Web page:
But when looking at the return to sound money, should we really be asking ‘is there enough gold’? No. This is completely the wrong question.
What is money?
To understand why this is the wrong question we first of all have to understand what ‘money’ is.
The primary role for money, whatever form it comes in be it paper, gold or corn, is as a means of exchange; “money’s main job is simply to fulfil the role of the medium of exchange. Money doesn’t sustain or fund real economic activity,” (Shostak, 2010).
The use of money is an indirect exchange. It is the direct exchange of goods and services which provides the value. The market will determine the purchasing power of the money, therefore whether there is ‘too much’ or ‘to little’ of the money is not the issue. The commodity which is chosen to back the money supply, gold or silver for example, “will always be sufficient to secure the services that money provides,” (Shostak, 2010).
Money’s second property is as a store of wealth. So far the ‘money’ which we have at present has failed to store any of our wealth. Since 1970 the purchasing power of our money has fallen dramatically. It is for this reason, according to Dominic Frisby, that we pile into asset classes such as houses to preserve our wealth. Tangible assets are often the best protection against inflation, but that’s a discussion for another time.
Therefore, as money is a means of exchange, when governments and central banks embark on a plan of quantitative easing in a fiat monetary system this distorts the value of the currency because the market is unable to determine its value.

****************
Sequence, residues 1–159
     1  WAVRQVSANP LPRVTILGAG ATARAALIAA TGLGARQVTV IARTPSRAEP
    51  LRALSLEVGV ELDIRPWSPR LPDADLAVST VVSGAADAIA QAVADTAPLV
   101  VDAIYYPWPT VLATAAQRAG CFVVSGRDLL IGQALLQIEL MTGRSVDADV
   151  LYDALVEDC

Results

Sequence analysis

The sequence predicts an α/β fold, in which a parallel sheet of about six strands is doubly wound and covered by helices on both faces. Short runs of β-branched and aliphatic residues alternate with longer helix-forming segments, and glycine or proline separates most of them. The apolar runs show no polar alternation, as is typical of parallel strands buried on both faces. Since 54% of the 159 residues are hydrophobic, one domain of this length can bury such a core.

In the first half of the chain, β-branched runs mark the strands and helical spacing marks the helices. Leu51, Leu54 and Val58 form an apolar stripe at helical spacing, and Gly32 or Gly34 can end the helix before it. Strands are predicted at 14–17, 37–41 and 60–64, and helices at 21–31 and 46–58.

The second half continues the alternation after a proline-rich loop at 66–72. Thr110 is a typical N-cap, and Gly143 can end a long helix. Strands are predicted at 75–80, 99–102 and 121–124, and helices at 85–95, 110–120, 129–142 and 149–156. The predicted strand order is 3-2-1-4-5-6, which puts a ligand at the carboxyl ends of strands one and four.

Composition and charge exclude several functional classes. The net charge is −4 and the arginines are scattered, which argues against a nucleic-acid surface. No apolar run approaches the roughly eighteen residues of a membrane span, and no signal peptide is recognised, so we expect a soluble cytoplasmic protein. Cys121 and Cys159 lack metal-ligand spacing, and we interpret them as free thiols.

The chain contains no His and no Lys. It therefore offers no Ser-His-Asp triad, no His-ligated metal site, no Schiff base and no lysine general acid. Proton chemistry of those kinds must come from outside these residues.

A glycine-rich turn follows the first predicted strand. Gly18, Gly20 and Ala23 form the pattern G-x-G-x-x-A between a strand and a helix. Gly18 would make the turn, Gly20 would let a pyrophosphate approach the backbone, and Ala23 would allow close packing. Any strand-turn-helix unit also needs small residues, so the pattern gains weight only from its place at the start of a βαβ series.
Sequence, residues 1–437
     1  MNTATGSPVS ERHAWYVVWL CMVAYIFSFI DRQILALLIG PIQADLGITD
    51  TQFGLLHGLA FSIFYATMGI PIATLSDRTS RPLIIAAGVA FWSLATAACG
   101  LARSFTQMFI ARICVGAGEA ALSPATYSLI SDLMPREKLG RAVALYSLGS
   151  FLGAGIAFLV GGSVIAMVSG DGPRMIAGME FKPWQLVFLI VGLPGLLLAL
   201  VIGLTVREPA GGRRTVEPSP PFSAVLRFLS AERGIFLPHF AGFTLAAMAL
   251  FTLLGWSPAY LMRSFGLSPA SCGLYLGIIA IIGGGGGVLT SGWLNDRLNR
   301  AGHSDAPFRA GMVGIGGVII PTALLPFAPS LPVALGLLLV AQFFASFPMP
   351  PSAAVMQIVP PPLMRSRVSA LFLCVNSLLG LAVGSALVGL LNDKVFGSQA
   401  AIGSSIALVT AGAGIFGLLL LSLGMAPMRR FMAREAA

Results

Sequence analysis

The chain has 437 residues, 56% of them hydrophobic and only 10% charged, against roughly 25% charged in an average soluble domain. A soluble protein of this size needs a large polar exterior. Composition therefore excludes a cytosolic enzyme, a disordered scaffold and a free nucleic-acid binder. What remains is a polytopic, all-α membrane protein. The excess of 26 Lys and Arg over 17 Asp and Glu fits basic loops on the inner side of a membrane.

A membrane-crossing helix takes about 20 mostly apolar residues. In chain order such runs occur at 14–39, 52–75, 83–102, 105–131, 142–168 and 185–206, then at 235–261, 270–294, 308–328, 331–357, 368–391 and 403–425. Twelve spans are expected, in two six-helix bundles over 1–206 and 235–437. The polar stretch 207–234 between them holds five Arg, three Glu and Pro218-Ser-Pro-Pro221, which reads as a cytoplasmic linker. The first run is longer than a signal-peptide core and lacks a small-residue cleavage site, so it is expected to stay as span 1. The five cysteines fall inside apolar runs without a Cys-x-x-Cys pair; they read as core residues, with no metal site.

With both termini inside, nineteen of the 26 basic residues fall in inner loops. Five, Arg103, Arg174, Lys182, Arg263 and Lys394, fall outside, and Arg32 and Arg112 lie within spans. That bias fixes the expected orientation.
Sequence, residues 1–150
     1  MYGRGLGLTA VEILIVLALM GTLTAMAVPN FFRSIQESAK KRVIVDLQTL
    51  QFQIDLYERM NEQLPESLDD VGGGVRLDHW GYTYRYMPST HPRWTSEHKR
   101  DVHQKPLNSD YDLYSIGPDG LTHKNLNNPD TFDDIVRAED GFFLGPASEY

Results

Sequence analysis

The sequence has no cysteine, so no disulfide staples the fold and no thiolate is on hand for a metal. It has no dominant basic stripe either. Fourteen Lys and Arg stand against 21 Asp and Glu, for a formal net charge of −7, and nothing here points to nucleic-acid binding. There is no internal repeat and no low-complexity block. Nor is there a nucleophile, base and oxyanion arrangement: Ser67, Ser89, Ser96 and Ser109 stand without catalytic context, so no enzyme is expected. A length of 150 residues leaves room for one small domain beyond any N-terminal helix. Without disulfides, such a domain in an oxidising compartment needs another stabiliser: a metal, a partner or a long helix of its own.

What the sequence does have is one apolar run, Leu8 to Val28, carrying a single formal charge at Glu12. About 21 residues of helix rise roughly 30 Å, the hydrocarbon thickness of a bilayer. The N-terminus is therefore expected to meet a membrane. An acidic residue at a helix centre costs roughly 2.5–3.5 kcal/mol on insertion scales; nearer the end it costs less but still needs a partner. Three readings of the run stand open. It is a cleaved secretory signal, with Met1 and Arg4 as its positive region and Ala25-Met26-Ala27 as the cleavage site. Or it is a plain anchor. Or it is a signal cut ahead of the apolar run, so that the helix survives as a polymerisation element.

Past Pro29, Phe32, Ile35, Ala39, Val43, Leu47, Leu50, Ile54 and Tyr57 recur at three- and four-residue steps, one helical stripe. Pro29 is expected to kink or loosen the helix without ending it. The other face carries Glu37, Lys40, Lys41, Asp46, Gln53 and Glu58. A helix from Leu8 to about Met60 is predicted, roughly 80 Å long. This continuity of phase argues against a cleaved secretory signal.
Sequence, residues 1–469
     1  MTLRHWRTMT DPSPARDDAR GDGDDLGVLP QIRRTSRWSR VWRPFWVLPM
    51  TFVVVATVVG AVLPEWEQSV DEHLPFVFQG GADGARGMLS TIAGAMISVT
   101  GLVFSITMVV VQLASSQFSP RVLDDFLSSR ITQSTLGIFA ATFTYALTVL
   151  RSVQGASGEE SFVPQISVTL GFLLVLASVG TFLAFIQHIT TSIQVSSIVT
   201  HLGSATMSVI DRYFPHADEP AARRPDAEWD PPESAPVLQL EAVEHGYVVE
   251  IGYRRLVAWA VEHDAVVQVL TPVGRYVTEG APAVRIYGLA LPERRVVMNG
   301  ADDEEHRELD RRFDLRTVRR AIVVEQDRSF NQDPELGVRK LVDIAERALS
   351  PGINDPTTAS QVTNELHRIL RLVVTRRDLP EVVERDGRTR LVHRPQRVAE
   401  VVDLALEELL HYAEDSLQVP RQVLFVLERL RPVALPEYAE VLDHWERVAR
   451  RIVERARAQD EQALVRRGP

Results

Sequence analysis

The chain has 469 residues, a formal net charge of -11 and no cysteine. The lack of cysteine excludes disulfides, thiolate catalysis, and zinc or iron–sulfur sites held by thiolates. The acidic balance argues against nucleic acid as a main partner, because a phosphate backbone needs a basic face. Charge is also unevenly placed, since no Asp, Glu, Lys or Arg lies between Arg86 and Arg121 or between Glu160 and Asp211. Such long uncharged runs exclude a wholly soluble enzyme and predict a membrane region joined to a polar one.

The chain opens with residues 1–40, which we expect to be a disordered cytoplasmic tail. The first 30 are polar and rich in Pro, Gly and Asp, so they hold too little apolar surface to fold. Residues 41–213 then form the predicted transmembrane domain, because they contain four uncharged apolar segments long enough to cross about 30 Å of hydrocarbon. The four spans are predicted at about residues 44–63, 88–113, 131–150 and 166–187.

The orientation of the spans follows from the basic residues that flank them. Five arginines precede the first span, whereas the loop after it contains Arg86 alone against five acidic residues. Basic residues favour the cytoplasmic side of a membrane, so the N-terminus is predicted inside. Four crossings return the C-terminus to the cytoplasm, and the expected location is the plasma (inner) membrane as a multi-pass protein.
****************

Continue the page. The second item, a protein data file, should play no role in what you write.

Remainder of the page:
The Keynesian argument for quantitative easing, hell let’s call it what it ultimately is – money printing, is that demand needs to be stimulated in order to grow the economy out of a depression. However, as we know from history and today, money expansion does not lead to growth; instead it distorts the value of the money supply. This is at the expense of the greater good and at a benefit to government and the wealthy.
A growing economy does not require an expanding money supply
If the quantity of money was what created growth and wealth then surely poverty could have been eliminated by money printing? If so then Zimbabwe would probably be richer than America or China by now.
As Lewis E. Lehrman, author of ‘The True Gold Standard’ argues:
“Historical and empirical data show that gold convertibility of the dollar, without reserve currencies, creates the least imperfect monetary standard, generating economic growth and price stability over the long run.”